Graduate Thesis Or Dissertation

 

Attributions of Chinese parents in the U.S. for their children's social behaviors : contribution of age and gender of child, valence of behaviors, gender of parents, and parents' adaptation to life in the U.S. Public Deposited

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https://ir.library.oregonstate.edu/concern/graduate_thesis_or_dissertations/cf95jf04f

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  • The purpose of this study was to examine the general nature of attributions of Chinese parents in the U.S. regarding their preschool children's social behaviors. Eighty-seven parents with preschool children participated. The attributions were examined along three causal dimensions: locus of causality (internal versus external), stability (stable versus unstable), and controllability (controllable versus uncontrollable). The types of child social behaviors studied were positive social behaviors, aggression, and withdrawal. The study looked at the contributions of child age, child gender, parent gender, and parent adaptation to life in the U.S. to parental attributions. It also investigated whether different types of child social behaviors (i.e., positive, aggressive, and withdrawn behaviors) elicited different types of attributions from parents. Results indicated that older children's social behaviors elicited similar attributions from Chinese parents as younger children's. Chinese parents saw girls' withdrawn behaviors as more internally caused and controllable, but not more stable, than boys' withdrawn behaviors. However, no difference was found between boys' and girls' aggressive or positive social behaviors. Chinese parents saw their children's positive social behaviors as more internally caused, stable and controllable than their children's negative social (aggressive and withdrawn) behaviors. In addition, Chinese parents saw their children's withdrawn behaviors as more internally caused, but not more stable or controllable, than their children's aggressive behaviors. Fathers and mothers were not significantly different in their attributions for their children's social behaviors. No parent gender effect was found. Chinese parents who were more adapted to life in the U.S. saw their children's positive social behaviors as more stable and controllable by their children, but not more internal, than Chinese parents less adapted. In addition, these more highly adapted Chinese parents saw their children's aggressive behaviors as more unstable and uncontrollable by their children, but not more external, than Chinese parents less adapted. Furthermore, more highly adapted Chinese parents saw their children's withdrawn behaviors as more externally caused and less controllable, but not more unstable, than Chinese parents less adapted.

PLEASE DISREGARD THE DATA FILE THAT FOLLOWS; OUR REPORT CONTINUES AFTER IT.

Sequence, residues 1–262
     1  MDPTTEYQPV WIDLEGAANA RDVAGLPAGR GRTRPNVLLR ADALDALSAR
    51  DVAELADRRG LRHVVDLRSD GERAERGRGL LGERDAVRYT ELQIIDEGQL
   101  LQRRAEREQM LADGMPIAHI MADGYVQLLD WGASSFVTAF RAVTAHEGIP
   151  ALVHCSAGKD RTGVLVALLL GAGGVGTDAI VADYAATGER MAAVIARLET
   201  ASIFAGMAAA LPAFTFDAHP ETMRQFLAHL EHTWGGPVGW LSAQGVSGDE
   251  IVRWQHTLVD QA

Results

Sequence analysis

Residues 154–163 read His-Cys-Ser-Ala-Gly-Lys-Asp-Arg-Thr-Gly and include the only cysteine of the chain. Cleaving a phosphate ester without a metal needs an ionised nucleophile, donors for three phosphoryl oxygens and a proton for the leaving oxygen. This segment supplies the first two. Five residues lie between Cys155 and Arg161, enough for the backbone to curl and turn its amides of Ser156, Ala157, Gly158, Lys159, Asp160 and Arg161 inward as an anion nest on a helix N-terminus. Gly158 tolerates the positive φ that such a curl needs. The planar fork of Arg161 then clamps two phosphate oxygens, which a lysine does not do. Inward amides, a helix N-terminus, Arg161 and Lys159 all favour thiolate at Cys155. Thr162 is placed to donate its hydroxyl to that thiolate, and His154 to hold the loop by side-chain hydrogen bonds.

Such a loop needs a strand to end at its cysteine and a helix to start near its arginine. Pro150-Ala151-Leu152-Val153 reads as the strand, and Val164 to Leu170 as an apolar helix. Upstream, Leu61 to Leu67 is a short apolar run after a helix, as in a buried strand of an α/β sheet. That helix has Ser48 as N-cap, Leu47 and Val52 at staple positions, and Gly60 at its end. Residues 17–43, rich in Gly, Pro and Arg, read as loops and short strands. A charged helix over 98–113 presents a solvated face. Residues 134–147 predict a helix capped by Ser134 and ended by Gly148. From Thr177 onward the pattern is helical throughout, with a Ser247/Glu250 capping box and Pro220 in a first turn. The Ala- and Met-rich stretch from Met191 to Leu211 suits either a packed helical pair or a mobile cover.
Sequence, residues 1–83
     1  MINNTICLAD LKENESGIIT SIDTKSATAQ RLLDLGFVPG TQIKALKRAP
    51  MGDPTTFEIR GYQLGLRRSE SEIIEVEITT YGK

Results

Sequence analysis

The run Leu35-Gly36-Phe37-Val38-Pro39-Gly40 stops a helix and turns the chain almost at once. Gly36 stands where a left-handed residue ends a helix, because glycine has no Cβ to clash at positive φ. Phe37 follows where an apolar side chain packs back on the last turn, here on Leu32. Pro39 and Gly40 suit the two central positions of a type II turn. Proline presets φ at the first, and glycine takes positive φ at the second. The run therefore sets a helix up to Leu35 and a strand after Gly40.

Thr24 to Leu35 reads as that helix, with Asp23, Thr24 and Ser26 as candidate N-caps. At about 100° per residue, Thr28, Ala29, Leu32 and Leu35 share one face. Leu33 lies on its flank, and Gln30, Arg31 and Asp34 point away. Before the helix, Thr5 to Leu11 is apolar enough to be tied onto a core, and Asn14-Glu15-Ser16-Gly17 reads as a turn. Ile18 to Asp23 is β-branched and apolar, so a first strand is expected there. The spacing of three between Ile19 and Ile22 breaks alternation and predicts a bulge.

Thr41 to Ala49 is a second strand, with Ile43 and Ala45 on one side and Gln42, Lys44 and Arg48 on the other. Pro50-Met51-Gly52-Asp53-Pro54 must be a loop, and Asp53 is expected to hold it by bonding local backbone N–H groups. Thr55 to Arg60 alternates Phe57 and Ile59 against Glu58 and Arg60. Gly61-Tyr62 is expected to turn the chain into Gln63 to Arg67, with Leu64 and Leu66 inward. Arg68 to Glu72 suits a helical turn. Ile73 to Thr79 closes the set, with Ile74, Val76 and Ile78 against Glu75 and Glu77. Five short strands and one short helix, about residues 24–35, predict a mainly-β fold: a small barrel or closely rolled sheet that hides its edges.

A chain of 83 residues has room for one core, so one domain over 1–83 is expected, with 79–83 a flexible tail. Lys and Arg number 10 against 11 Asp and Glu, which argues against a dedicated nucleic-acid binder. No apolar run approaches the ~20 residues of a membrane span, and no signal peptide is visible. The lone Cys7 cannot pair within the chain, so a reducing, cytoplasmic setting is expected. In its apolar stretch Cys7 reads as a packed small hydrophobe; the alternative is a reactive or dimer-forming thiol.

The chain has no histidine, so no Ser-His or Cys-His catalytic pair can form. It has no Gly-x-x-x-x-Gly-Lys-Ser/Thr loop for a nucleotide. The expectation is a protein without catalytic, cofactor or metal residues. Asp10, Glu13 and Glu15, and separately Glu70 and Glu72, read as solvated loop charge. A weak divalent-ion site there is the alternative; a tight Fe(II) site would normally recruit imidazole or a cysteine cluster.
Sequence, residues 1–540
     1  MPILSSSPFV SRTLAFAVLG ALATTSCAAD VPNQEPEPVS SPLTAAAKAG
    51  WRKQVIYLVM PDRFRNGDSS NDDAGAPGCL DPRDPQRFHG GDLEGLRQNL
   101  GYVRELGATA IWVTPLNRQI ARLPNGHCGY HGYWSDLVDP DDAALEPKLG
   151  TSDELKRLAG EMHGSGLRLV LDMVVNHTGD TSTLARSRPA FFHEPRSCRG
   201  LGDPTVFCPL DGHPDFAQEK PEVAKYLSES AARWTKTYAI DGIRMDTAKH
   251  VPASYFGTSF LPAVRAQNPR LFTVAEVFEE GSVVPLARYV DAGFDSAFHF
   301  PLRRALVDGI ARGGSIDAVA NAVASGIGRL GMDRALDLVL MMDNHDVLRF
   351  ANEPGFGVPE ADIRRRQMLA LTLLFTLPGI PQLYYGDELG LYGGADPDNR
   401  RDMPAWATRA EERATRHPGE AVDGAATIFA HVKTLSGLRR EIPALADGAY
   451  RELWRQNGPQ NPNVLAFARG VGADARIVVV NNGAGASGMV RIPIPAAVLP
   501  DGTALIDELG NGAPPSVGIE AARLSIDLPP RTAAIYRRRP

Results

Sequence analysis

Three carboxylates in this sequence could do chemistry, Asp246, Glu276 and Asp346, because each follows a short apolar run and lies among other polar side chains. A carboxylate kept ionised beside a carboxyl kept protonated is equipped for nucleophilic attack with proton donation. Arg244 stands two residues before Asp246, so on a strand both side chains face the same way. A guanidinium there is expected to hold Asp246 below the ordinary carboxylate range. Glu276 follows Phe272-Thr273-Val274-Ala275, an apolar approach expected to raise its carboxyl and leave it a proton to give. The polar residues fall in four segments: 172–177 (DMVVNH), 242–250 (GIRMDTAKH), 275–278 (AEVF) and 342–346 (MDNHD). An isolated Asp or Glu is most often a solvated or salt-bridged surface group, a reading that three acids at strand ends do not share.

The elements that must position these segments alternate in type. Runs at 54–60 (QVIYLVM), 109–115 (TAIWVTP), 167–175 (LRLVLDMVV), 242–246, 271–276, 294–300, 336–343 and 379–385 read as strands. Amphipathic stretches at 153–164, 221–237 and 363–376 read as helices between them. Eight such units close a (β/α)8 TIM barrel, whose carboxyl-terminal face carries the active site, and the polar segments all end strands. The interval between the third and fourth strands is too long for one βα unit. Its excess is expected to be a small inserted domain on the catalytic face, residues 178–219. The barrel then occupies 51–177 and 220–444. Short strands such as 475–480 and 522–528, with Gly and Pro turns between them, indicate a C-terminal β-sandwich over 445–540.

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  • description.provenance : Approved for entry into archive by Patricia Black(patricia.black@oregonstate.edu) on 2012-08-28T17:13:12Z (GMT) No. of bitstreams: 1 LiuQian2000.pdf: 3633018 bytes, checksum: e6167de4106a796f231bbbcfd3d80e89 (MD5)
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  • description.provenance : Approved for entry into archive by Patricia Black(patricia.black@oregonstate.edu) on 2012-08-28T17:16:24Z (GMT) No. of bitstreams: 1 LiuQian2000.pdf: 3633018 bytes, checksum: e6167de4106a796f231bbbcfd3d80e89 (MD5)

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